[1 Timothy 1:15] “This godly sensitivity toward sin was associated in the apostle’s mind with an equally vivid sense of the freeness and richness of divine grace. That Christ died not for the righteous but for the guilty is the great thought that is on his mind, and he has no hesitancy in declaring it and in speaking most boldly concerning the exceedingly abundant grace of God in forgiving sin. The union of these two feelings in Paul is by no means an unusual occurrence among human minds, for you will generally find that the people who are most clear in their witness that salvation is by grace are also the people for whom sin is exceedingly sinful. Indeed, all those who prize grace most are those who also feel most sorrow concerning their transgressions.’”
1 Timothy 1:17: “Paul could not help this outburst of praise. When he remembered his own conversion and pardon and his being entrusted with the ministry of the gospel, he was obliged to put down his pen and lift up his voice in grateful thanksgiving to God. So may it be with us as we remember what great things the Lord has done for us.”
- Charles H. Spurgeon, from his sermon notes
1 Timothy 1:19: “I sit a few feet from a man on death row. Jewish by birth. Tentmaker by trade. Apostle by calling. His days are marked. I’m curious about what bolsters this man as he nears his execution. So I ask some question.
”Do you have family, Paul? I have none.
“What about your health? My body is beaten and tired…
“Any awards? Not on earth.
“Then what do you have, Paul? No belongings. No family… What do you have that matters? I have my faith. It’s all I have. But it’s all I need. I have kept the faith.
Paul leans back against the wall of his cell and smiles.”
- Max Lucado, When God Whispers Your Name
In reading through this Scripture, I was impressed by the same things that many of the authors above noted, but in one respect, there is a tie between the first half of 1 Timothy 1 and the second. Paul mentions in 1 Timothy 1:8-11 that the Gospel is not for the righteous, not mentioning that no one is righteous, but he is pointing toward the self-righteous. He says that the Gospel is for sinners, for them to repent and be saved through God’s Grace.
Then Paul claims himself to be the chief of sinners. In the Scripture above he paints a picture from blasphemer to perjurer to be guilty of all the Ten Commandments, and out of ignorance – not a claim for leniency, but pointing out, as in Romans 7, that you can commit sin in ignorance and then knowledge of the Law condemns you. All of this to show how if God can give Grace to the chief of sinners, he can give Grace to you and me.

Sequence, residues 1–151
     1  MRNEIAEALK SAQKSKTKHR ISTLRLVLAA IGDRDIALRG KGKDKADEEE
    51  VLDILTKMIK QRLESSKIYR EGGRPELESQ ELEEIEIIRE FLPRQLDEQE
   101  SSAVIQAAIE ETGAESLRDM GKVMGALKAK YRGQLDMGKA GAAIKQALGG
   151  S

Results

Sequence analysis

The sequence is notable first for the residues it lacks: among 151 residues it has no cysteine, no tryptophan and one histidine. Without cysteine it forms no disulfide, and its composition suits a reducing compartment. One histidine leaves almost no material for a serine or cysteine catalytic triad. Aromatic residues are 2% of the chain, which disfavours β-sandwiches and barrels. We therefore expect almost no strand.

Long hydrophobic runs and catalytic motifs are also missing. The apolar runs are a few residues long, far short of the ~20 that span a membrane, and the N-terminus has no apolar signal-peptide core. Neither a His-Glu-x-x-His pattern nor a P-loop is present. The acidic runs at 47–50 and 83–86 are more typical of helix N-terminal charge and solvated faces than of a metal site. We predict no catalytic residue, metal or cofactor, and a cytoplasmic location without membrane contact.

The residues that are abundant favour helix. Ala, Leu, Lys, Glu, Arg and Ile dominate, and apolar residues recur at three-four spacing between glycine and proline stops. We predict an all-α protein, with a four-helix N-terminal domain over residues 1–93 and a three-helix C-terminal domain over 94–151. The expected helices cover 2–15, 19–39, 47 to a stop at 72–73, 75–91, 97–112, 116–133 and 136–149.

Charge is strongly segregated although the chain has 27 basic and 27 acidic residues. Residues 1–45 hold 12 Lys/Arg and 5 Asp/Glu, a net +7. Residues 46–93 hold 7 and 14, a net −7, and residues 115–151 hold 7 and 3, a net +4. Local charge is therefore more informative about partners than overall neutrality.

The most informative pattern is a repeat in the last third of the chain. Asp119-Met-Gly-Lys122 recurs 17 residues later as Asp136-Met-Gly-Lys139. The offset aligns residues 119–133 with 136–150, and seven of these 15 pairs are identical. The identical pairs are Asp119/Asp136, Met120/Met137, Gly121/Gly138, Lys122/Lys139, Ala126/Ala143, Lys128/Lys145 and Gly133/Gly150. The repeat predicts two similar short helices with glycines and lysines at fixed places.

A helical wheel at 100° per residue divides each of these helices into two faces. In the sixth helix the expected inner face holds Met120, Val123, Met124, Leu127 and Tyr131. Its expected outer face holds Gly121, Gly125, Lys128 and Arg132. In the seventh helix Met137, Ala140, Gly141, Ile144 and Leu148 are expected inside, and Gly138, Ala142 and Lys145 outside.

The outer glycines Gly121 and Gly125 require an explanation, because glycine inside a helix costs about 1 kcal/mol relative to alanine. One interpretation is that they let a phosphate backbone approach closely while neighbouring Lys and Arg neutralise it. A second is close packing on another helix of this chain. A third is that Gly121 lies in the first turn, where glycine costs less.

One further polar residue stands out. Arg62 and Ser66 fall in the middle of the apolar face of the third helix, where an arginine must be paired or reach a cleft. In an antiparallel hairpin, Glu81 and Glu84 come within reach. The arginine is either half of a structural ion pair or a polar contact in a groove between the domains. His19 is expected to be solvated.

In reading Paul’s letters, the praise in 1 Timothy 1:17, as noted by Rev. Spurgeon, seems to fit at the salutation at the beginning of a letter or at the end. It is rather odd that suddenly he breaks into praise of God for having sufficient Grace to pardon him of his sin. And indeed, we should be so effusive in our praise to God, spontaneous, not waiting to the end of the letter. I have been in church where the words seemed so rote that they have lost meaning, but Paul is pouring out his heart, possibly spontaneously in the middle of a discourse on false doctrine to praise God. We don’t do enough of that, individually or corporately.
And one thing that I picked up in the MacArthur comments regarding the expulsion of Hymenaeus and Alexander was that they were removed as to not influence others within the church. Church discipline is something that is very tricky. In this case, the Apostle Paul took charge, but the pastor of a local church or the ruling elders of the church are torn between the damage being done versus a myriad of excuses to not do as the Bible teaches. We do not want to “judge.” We do not know how to confront the problem without it becoming a “confrontation.” We do not know the Scripture well enough to combat the false doctrine that others might be teaching. And the list could go on. And note from the MacArthur quote that many positive aspects can come from proper church discipline.
What do you have as a result of not forcing out the false doctrine, specifically those teaching it? A lot of the problems that the major denominations have today: lukewarm Christianity, Christianity without Christ, Salvation by works, and all sorts of other things that can split a church apart. But mainly, the church is no longer Biblical in its teaching.
Yes, the doors need to be open to all people. I could have said all sinners, but that’s the same thing. But membership must be downplayed, lest non-believers bring in false doctrine, but the message preached and taught in Bible studies must be that of Christ alone for salvation and that repentance then becomes part of our daily walk with God.
Some Serendipitous Reflections
“1. What word would you use to describe your life before you became a Christian? Since then? What does that show you about the Lord’s patience?
“2. Should our response to those who act in ‘ignorance and unbelief’ (v. 13) be different from those who ‘have shipwrecked their faith’ (v. 19)? Why? How so? Illustrate without naming names [confidentiality if in a small group].”
- Lyman Coleman, et al, The NIV Serendipity Bible for Study Groups
Soli Deo Gloria. Only to God be the Glory.